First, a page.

More foreign language options for high school students in China
China’s educational authorities have issued new high school curriculum guidelines, giving students more flexibility and choice, while also putting greater emphasis on traditional culture and socialist core values.
Under the guidelines released by the Ministry of Education last month, German, French, and Spanish are recommended as new foreign language offerings, in addition to the existing options of English, Japanese, and Russian.
The new standards will come to effect this fall, aimed at improving the personal comprehensive ability of students. Although the change comes in the context of ongoing reforms to the National College Entrance Examination (or Gaokao in Chinese), its purpose is greater than simply helping students enroll at universities.
“Adding new languages to the list conforms to the trend,” Wang Zhan, one of the experts behind the guideline, told the Beijing News. Wang said these three languages are spoken frequently worldwide. 
“They are useful for students in international exchange programs. We will offer more options based on student demand in the future.” Wang said.
More language options mean more posibilities for colleges. In 2013, Guang Ming High School in Shanghai started a French class and, because of this, the students will have a better chance of passing the language admission test and enrolling at the Esigelec Rouen, an engineering graduate school in France.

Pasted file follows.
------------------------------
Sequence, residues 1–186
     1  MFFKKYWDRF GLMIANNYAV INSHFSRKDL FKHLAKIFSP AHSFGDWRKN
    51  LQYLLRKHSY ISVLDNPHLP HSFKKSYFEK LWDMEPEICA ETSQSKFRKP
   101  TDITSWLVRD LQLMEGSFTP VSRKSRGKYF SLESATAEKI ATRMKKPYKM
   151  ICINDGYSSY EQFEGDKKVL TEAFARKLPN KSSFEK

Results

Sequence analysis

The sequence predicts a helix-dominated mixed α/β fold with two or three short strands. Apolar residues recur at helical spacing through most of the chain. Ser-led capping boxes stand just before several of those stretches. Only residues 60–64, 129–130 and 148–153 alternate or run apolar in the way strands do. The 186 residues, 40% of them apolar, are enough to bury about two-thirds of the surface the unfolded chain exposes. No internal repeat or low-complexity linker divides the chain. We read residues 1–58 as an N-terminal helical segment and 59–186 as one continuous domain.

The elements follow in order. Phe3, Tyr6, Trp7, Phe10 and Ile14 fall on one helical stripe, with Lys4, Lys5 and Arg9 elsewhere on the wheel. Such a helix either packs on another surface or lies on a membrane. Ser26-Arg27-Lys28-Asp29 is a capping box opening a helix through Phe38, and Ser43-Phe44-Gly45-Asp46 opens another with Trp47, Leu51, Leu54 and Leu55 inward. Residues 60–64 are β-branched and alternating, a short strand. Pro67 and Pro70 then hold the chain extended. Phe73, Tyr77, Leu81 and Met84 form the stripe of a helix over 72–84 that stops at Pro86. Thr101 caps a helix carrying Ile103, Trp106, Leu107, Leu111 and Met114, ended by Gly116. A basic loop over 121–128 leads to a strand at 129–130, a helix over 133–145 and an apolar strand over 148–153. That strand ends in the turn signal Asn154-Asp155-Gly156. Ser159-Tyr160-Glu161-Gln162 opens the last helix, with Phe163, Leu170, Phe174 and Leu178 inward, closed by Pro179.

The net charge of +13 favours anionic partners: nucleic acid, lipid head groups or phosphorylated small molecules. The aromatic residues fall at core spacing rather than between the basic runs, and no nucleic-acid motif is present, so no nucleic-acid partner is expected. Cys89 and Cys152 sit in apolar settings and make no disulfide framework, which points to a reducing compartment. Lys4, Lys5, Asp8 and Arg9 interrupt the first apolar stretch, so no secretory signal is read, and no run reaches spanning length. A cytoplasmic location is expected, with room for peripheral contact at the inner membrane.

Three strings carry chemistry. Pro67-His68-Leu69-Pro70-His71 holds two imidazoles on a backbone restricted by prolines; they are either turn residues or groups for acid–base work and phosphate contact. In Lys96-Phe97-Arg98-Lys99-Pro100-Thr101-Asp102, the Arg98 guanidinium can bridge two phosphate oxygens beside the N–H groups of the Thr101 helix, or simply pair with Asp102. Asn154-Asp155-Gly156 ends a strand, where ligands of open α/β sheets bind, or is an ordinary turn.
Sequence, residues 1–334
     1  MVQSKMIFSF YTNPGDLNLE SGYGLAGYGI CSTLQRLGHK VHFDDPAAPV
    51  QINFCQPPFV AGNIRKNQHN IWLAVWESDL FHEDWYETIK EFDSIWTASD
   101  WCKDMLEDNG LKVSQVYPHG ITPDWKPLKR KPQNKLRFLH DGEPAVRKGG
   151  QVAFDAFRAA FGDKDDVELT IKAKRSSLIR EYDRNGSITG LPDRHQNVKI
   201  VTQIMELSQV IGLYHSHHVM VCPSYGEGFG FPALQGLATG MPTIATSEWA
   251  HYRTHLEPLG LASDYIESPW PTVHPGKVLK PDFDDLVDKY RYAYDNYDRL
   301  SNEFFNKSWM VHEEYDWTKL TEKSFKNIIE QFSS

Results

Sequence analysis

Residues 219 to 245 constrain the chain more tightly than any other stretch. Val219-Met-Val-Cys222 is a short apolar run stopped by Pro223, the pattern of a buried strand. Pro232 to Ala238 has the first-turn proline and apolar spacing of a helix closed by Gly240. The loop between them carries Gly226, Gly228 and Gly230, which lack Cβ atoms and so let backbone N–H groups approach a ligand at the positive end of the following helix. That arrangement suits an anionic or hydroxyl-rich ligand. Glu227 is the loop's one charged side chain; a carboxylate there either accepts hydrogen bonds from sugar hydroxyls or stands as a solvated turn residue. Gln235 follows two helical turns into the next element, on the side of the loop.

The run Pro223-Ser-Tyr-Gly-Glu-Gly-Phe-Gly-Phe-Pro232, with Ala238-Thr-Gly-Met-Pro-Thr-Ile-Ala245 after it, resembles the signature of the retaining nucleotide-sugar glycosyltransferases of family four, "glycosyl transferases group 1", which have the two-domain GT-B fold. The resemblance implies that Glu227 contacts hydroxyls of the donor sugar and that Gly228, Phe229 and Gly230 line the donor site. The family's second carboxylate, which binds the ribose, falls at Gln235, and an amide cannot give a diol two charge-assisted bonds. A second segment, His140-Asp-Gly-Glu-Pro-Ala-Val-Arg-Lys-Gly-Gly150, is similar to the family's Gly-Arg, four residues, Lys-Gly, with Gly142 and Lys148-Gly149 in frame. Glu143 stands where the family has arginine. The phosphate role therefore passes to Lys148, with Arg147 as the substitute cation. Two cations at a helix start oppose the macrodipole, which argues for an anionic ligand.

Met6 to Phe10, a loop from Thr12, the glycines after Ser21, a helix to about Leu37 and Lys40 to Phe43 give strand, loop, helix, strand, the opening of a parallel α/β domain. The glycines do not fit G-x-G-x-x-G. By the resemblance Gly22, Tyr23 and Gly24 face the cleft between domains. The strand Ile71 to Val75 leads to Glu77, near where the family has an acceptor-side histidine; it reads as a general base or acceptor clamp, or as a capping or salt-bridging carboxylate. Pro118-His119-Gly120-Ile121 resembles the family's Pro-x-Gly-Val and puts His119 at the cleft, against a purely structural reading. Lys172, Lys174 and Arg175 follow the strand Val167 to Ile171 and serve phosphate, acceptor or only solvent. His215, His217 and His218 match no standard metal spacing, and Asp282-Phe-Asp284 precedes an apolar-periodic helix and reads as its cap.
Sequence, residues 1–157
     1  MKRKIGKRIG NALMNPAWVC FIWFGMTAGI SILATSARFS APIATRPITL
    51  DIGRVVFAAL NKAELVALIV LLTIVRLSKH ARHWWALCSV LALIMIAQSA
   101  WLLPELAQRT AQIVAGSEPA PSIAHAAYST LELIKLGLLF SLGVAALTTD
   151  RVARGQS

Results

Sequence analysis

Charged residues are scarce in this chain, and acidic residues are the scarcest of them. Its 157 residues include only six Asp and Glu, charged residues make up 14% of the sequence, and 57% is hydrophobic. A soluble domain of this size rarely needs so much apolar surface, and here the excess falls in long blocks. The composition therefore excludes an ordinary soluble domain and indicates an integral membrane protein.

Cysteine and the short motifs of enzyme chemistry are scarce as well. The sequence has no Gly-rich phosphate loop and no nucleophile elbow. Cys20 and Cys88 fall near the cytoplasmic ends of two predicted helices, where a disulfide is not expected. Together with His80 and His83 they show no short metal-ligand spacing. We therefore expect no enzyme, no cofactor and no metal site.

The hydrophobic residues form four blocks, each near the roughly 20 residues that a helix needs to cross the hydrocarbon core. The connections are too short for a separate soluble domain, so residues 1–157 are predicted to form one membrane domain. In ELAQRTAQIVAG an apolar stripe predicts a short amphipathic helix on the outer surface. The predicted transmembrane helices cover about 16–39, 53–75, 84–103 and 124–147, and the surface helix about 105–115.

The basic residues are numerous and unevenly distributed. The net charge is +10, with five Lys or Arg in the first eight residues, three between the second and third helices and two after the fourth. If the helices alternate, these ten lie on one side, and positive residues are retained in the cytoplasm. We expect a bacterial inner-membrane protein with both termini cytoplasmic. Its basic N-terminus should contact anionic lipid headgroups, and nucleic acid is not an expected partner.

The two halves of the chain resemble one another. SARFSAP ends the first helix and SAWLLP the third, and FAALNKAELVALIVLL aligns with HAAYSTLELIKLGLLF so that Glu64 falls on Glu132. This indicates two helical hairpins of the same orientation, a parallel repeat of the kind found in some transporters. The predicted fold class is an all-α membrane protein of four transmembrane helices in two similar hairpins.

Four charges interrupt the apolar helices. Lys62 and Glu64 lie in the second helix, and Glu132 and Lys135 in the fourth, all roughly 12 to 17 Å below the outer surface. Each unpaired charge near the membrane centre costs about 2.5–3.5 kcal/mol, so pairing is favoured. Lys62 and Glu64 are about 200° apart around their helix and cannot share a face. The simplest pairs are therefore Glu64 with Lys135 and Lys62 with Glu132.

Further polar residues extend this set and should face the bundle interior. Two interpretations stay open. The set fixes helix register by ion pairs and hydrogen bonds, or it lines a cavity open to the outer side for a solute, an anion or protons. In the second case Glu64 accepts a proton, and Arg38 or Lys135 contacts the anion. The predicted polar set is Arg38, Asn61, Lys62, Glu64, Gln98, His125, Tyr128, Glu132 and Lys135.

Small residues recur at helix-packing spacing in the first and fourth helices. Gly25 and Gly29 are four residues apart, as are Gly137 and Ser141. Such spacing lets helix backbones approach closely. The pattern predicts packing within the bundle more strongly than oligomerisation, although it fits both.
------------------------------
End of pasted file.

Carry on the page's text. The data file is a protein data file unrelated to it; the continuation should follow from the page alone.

“I studied German in a class outside of school and chose it as a major in college. The high school experience really helped me lay a solid foundation,” said Li Jinke, who now works at a German company in Beijing. Li believes it will be a great help for high school students who aspire to study related majors.
Zhang Zhichao, a user on China’s Quora-like Zhihu, shared his opinion on “What is the current status of minor language teaching in high school in China?” Zhang attended Tianjin Xinhua Middle School, and there he studied French as an elective course for five-and-a-half years. “Although I majored in Economics at university, learning foreign culture really help me better understand the world and communicate with foreigners.” 
“With economic globalization, more Chinese companies are starting to get involved in overseas investment projects. Cross-border e-commerce demands people who can grasp foreign languages other than English,” Xie Xiulan, the director of employment department of Guangdong University of Foreign Studies told the
According to the employment report released by Shanghai International Studies University earlier this month, among all students graduated in 2017, majors of languages such as Russian, Portuguese and Arabic, have the highest employment rates, with some reaching 100 percent.